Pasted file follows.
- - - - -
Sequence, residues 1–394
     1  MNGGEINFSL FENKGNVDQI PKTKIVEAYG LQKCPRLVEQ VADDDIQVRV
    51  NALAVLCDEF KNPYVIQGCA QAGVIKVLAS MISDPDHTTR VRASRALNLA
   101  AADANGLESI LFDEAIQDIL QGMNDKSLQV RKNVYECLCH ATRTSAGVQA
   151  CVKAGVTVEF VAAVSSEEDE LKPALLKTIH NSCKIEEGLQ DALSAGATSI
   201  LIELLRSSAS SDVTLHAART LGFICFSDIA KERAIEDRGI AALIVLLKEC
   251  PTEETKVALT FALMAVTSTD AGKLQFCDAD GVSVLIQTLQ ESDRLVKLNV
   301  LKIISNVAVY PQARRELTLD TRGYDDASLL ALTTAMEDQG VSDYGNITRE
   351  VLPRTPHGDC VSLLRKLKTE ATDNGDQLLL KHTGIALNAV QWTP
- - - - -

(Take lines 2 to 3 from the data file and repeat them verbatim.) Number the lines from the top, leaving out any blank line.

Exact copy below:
     1  MNGGEINFSL FENKGNVDQI PKTKIVEAYG LQKCPRLVEQ VADDDIQVRV
    51  NALAVLCDEF KNPYVIQGCA QAGVIKVLAS MISDPDHTTR VRASRALNLA